Isometamidium chloride (Samorin) is the only compound recommended for prophylaxis against bovine trypanosomiasis in sub-Saharan Africa. The fluorescence property of this compound was used to investigate the interaction of the molecule with in vitro-derived bloodstream forms of Trypanosoma congolense IL 1180. Incubation of isometamidium with trypanosomes at 37 degrees C for 180 min resulted in a gradual alteration of the lambda max. with time (from 600 to 584 nm) and an increase in the intensity of trypanosome-associated fluorescence of approx. 2-fold. The alteration in fluorescence was temperature-dependent and inhibited by the addition of N-ethylmaleimide. In contrast, with intact cells addition of digitonin caused a rapid increase in fluorescence intensity to approximately four times that observed with intact cells. Uptake of isometamidium was also determined using radiolabelled drug; the results indicated that the time course of the uptake process resembled the fluorescence profile and was temperature-dependent. The results therefore indicate that the alteration of fluorescence is due to interaction of isometamidium with an intracellular component(s) and that isometamidium is transported across the plasma membrane via a protein carrier. The data also indicate that the described fluorescence technique can be used to investigate the role of membrane transport in resistance to isometamidium.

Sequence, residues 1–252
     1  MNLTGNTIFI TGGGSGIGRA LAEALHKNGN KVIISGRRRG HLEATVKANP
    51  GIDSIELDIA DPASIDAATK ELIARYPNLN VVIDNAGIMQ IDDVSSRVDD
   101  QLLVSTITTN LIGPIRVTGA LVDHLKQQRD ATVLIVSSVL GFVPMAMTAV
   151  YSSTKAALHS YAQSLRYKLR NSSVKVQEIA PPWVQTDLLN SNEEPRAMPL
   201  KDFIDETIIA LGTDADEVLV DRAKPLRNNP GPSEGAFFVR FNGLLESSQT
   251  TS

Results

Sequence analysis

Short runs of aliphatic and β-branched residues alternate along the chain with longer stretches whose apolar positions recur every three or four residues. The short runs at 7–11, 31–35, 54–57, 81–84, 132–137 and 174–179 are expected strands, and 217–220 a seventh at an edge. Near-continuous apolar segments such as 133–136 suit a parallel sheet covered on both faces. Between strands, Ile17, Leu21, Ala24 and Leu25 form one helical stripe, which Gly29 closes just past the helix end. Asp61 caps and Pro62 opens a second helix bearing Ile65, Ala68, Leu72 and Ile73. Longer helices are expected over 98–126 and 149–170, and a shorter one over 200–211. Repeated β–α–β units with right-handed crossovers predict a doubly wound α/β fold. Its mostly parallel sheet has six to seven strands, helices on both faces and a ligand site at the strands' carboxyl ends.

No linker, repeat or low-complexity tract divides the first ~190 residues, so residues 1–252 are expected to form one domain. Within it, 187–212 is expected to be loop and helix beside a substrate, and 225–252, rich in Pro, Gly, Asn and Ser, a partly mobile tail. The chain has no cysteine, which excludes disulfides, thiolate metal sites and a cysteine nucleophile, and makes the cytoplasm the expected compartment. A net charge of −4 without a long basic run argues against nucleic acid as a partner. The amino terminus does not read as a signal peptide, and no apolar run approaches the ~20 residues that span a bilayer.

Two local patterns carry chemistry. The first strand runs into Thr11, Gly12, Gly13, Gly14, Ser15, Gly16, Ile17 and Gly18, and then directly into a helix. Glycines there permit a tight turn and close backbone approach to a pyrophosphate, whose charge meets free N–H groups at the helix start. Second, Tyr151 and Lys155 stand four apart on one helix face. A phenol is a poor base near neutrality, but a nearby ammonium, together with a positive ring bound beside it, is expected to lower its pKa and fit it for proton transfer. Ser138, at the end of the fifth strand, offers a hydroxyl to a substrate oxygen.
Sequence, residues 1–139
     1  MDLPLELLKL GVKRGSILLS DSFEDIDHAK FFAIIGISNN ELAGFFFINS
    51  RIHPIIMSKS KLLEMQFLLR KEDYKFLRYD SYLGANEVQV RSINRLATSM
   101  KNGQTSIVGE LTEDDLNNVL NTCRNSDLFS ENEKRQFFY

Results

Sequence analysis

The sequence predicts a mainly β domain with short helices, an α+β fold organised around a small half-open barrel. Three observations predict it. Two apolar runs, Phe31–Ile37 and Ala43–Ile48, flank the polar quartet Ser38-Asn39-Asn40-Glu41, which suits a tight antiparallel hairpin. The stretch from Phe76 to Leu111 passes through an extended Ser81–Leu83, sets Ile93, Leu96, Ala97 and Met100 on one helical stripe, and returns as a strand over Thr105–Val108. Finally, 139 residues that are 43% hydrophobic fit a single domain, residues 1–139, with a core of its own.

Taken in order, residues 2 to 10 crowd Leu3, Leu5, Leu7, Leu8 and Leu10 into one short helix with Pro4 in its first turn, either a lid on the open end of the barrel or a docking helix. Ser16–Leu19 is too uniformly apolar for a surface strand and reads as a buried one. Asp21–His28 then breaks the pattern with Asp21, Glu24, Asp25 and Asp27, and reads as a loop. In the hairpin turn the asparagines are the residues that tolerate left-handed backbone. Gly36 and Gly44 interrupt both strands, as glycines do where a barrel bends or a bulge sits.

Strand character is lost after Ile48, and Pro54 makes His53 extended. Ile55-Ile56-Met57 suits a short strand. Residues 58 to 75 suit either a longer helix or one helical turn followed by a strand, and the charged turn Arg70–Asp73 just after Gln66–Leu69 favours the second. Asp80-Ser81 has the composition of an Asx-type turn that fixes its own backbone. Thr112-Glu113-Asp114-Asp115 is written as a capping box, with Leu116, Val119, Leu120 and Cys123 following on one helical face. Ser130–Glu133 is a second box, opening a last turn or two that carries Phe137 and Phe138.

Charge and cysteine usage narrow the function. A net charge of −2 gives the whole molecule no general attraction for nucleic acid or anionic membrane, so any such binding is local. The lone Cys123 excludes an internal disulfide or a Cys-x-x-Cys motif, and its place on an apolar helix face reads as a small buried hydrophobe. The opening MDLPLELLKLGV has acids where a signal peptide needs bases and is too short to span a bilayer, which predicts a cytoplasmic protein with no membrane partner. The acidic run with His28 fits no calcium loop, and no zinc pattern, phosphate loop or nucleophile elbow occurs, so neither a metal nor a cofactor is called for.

- © 1993 The Biochemical Society, London